We {heart} You

written by Ilene Ross
Photo by Gina Weathersby/Kiwi Street Studios

Chef Jose Salazar

We are very pleased to announce the addition of yet another talented chef to our roster of contributors here at 513{eats}. Chef Jose Salazar, Executive Chef of The Palace Restaurant at The Cincinnatian is hands down one of the Queen City’s top culinary minds. After earning his stripes in some of the country’s most illustrious restaurants, including Jean Georges and Thomas Keller’s legendary Per Se in New York, he went on to become Food and Wine magazine’s “People’s Best New Chef: Great Lakes.” We’re delighted that Chef Salazar –a native New Yorker-has made Cincinnati his home and added his serious game to the Queen City food scene, and we’re delighted that he’s sharing his vast amount of knowledge and talent with our 513{eats} audience.
One of Chef Salazar’s first contributions is this absolutely superb recipe for a white gazpacho. Typically, gazpacho is a tomato based, raw vegetable soup, enjoyed throughout Spain and Portugal. It’s served cold, and is extremely popular during the warm summer months. Chef Salazar’s excellent version –more characteristic of the ancient Arab style- omits the tomatoes and relies on a bread base. Whichever variety of gazpacho you choose to enjoy, the great part about this refreshing dish is that not only is it delicious, it’s extremely healthy.
This leads me, unfortunately, to some very sobering statistics. Recently, The American Heart Association released their 2012 Heart Disease and Stroke Statistics report. I’ve highlighted the link so that you can access it yourself, but the ones that caught my eye are; among children (2 to 19 years of age), 23.6 million are overweight or obese and 12.6 million are obese. Overweight adolescents have a 70% chance of becoming overweight adults. This increases to 80% if 1 or both parents are overweight or obese. As stewards of our young people, it’s important that we teach them early about good food in moderation, exercise, and I believe the most important thing of all, how to prepare their own food. When children know how to cook, they take an interest in what they are preparing, and are more likely to eat foods that they wouldn’t necessarily try. So, bring your children into the kitchen with you and cook together. It’s important for your physical health and its quality family time as well.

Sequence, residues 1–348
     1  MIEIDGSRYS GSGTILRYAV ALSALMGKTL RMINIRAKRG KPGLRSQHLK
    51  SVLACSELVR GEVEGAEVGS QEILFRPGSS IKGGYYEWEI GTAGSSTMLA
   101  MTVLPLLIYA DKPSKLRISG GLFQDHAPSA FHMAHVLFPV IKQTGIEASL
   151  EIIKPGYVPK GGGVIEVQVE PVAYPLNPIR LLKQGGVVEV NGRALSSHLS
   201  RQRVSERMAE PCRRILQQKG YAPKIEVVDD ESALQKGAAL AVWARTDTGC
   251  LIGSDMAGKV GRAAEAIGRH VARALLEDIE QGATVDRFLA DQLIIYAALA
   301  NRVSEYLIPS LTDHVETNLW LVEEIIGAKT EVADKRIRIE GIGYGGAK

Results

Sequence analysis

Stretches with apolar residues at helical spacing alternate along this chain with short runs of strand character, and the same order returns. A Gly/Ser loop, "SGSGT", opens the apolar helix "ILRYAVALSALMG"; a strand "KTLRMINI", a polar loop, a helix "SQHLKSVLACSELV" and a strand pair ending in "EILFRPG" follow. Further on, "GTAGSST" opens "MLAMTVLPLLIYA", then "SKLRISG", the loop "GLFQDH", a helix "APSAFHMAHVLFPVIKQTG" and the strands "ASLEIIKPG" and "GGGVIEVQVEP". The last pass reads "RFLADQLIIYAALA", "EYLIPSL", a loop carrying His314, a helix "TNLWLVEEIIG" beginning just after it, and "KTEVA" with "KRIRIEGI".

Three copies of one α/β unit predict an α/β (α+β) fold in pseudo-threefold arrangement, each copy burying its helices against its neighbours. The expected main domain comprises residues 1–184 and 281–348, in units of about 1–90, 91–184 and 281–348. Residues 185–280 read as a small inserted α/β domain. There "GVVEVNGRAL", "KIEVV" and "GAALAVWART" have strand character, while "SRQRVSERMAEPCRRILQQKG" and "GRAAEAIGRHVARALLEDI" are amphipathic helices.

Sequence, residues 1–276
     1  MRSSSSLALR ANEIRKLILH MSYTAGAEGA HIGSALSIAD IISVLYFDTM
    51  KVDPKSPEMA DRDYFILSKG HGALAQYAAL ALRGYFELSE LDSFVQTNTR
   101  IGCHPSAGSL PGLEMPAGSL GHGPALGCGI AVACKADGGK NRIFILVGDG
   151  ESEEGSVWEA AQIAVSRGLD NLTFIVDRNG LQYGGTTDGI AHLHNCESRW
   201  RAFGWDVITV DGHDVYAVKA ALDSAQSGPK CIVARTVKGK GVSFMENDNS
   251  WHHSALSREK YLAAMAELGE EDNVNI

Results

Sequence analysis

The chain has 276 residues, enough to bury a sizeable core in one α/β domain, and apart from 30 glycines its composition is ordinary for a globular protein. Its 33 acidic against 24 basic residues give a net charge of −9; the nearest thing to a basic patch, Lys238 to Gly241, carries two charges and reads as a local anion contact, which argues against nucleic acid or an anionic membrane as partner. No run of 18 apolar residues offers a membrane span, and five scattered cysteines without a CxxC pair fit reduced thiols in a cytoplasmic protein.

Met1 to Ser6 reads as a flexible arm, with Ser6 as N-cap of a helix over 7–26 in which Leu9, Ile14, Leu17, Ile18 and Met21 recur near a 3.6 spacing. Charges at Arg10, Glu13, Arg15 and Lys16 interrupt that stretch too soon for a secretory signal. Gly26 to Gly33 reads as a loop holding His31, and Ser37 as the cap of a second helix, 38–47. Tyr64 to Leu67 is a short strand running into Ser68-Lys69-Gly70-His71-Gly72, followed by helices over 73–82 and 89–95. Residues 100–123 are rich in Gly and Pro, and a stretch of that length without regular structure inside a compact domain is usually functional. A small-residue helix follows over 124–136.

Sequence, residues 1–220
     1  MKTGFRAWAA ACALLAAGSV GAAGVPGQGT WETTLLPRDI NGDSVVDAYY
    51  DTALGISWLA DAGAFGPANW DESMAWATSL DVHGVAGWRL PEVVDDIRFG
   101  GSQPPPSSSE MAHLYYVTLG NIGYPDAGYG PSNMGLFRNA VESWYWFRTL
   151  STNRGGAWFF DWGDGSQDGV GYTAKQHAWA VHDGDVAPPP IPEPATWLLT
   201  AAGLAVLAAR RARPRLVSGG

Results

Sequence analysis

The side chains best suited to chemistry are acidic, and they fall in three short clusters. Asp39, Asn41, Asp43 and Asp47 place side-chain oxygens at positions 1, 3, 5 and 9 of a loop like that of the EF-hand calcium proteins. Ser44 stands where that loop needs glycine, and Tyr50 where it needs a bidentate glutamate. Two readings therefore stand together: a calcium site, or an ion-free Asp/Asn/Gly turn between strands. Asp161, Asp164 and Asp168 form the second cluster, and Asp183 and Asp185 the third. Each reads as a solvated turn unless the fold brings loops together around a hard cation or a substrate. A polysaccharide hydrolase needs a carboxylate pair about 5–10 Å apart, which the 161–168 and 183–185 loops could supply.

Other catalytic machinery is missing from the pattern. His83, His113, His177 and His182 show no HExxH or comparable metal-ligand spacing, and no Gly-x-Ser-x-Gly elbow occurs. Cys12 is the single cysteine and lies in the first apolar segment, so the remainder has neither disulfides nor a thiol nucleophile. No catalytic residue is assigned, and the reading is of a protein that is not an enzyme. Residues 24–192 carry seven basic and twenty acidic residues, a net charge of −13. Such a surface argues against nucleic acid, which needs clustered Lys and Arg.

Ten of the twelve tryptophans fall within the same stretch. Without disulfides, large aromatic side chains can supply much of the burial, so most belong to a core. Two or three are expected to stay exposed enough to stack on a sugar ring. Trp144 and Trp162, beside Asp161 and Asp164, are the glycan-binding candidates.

Need some quality ME time? On Thursday, May 24th, Actress Andie MacDowell will be here for the SmartTalk Connected Conversations Series. Along with acting you can find her dedicating her life to healthy heart awareness, including teaming up with “Time to Talk Cardio” which helps you get the most out of your medical visits, and we have 2 tickets to give away! Email your favorite heart healthy recipe to me at ilene@513eats.com, and the winning dish will be featured in our “Your Dish” segment of the September 513{eats} magazine, and the tickets are yours! *must be received by Tuesday, May 22nd.

White Gazpacho
Yield: 3 quarts

8 cloves garlic confit
1 cup vegetable oil
4 cups. crustless cubes of white country bread
4 cups green seedless grapes plus additional for garnish
4 cups hothouse cucumbers peeled, seeded & chopped
1 ¼ cups Marcona (or any good quality) almonds plus additional for garnish
500g. plain Greek lowfat yogurt
¼ cup plus ½ cup good extra virgin olive oil
1 tablespoon honey
Smoked paprika to taste
Sherry vinegar to taste
Kosher salt to taste
White pepper to taste

To make garlic confit: place garlic cloves in small pan with vegetable oil over very low heat until soft and light brown in color. Drain oil and save for another application (garlic bread perhaps).

Meanwhile soak bread in cold water. Once moistened squeeze out excess water.

Using a blender, puree the garlic, bread, grapes, cucumber, almonds and yogurt (do this in several batches, so you get a smooth puree and don’t over work the blender)
During the last batch and with the blender still running drizzle in remaining ¼ cup extra virgin olive oil until emulsified, and add honey.
Pass soup through fine mesh strainer pressing on solids (if any).
Season with, salt, white pepper, and sherry vinegar to taste. Serve with shrimp and garnish with quartered green grapes, rough chopped Marcona almonds, a drizzle of good olive oil or reserved garlic oil and a pinch of smoked paprika.
This recipe is best prepared a day in advance to let the flavors marry and to thoroughly chill. Thin with cold water if needed to get desired consistency.
The almonds are the star of the show, so be sure to use a good quality brand.

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